A way-too-early look at NHL’s 2023 free-agent landscape

The 2022 signing season is practically over. The unrestricted free-agent pool has almost completely dried up (whenever you’re ready, Nazem Kadri), and teams still have plenty of time to work out new deals with their RFAs.

With that in mind, let’s take a look at who could be on the market next summer. Many of these players are likely to sign extensions before testing the open waters, but until then, we’re free to speculate what may happen.

 

UFAs

Forwards

Nathan MacKinnon

Don’t get your hopes up. There’s next to zero chance Joe Sakic lets his best player get anywhere near free agency. In fact, there’s apparently a reasonable chance MacKinnon locks in this summer. The only question is where the superstar will rank among the league’s highest-paid players when he puts pen to paper.

 

David Pastrnak

Pastrnak’s discounted six-year deal is about to expire, and he has a chance to be next summer’s biggest fish. 40-goal scorers don’t come around often, and Boston needs to do everything in its power to retain the 26-year-old sniper to keep its competitive window open.

 

Dylan Larkin

Larkin would be an attractive free-agent addition for any team, but it feels like he’s a lifelong Red Wing. He’s a Michigan native, and Detroit has ample cap space to give him whatever deal he wants. Getting rid of your captain as your rebuild hits its upswing just doesn’t make sense.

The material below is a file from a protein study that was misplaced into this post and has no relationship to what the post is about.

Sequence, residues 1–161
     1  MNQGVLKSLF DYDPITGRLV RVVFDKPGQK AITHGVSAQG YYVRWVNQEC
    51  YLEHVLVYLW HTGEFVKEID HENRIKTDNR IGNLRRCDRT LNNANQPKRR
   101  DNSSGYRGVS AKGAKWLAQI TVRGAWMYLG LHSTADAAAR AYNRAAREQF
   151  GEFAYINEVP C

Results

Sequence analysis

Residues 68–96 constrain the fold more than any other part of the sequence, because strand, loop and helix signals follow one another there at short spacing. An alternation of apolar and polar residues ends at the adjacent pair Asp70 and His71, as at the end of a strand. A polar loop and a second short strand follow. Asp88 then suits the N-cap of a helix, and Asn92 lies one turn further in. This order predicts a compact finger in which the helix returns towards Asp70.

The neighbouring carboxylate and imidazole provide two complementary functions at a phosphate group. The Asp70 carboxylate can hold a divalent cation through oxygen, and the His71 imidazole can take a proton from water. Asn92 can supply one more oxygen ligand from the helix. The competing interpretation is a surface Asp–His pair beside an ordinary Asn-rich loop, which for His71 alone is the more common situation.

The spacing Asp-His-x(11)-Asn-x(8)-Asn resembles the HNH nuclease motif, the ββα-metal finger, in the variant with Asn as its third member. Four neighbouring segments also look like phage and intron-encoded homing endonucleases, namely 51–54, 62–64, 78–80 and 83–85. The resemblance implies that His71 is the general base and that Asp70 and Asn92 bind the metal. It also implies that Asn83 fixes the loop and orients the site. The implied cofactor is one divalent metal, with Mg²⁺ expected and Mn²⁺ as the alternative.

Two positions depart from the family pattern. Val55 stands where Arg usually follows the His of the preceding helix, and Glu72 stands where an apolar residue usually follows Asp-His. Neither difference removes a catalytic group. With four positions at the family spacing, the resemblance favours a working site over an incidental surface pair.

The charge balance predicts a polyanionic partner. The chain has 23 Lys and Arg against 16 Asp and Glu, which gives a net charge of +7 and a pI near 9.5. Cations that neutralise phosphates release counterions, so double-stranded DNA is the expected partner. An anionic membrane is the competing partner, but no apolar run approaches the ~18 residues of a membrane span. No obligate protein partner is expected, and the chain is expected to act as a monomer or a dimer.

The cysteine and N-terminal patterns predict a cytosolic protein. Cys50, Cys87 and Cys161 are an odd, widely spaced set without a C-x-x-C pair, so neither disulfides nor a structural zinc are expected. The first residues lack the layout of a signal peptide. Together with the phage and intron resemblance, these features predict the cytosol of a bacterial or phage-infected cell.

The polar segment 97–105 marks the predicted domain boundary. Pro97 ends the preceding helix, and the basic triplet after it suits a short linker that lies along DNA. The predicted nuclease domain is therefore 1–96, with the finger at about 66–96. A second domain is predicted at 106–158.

Jonathan Toews and Patrick Kane

Trade rumors have already begun to swirl around the three-time Stanley Cup champions. As the Blackhawks stare down a scorched-earth rebuild, many project Toews and Kane to be trade bait for the 2023 deadline. If they aren’t moved by then, the pair will have their pick of the litter in free agency.

 

J.T. Miller and Bo Horvat

Miller still might get traded this summer, but regardless of who he suits up for next season, the versatile star will be one of the most coveted free agents next July. Horvat is due a decent raise from his current $5.5-million cap hit, but it’s difficult to envision a scenario where Vancouver lets its leader walk.

Author: Lucy Green